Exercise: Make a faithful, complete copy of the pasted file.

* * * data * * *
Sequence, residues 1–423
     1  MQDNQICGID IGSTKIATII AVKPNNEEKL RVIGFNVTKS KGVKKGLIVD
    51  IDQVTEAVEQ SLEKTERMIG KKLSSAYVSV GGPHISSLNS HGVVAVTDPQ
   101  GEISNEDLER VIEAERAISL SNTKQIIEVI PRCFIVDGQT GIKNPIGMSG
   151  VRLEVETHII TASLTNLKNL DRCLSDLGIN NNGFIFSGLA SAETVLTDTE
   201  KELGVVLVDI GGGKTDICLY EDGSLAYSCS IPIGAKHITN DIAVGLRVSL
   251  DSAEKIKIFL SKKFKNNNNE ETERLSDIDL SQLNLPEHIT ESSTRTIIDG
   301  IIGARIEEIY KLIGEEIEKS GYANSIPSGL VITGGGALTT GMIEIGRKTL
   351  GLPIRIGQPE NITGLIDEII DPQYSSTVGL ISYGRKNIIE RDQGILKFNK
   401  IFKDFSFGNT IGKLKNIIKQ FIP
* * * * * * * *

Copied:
Sequence, residues 1–423
     1  MQDNQICGID IGSTKIATII AVKPNNEEKL RVIGFNVTKS KGVKKGLIVD
    51  IDQVTEAVEQ SLEKTERMIG KKLSSAYVSV GGPHISSLNS HGVVAVTDPQ
   101  GEISNEDLER VIEAERAISL SNTKQIIEVI PRCFIVDGQT GIKNPIGMSG
   151  VRLEVETHII TASLTNLKNL DRCLSDLGIN NNGFIFSGLA SAETVLTDTE
   201  KELGVVLVDI GGGKTDICLY EDGSLAYSCS IPIGAKHITN DIAVGLRVSL
   251  DSAEKIKIFL SKKFKNNNNE ETERLSDIDL SQLNLPEHIT ESSTRTIIDG
   301  IIGARIEEIY KLIGEEIEKS GYANSIPSGL VITGGGALTT GMIEIGRKTL
   351  GLPIRIGQPE NITGLIDEII DPQYSSTVGL ISYGRKNIIE RDQGILKFNK
   401  IFKDFSFGNT IGKLKNIIKQ FIP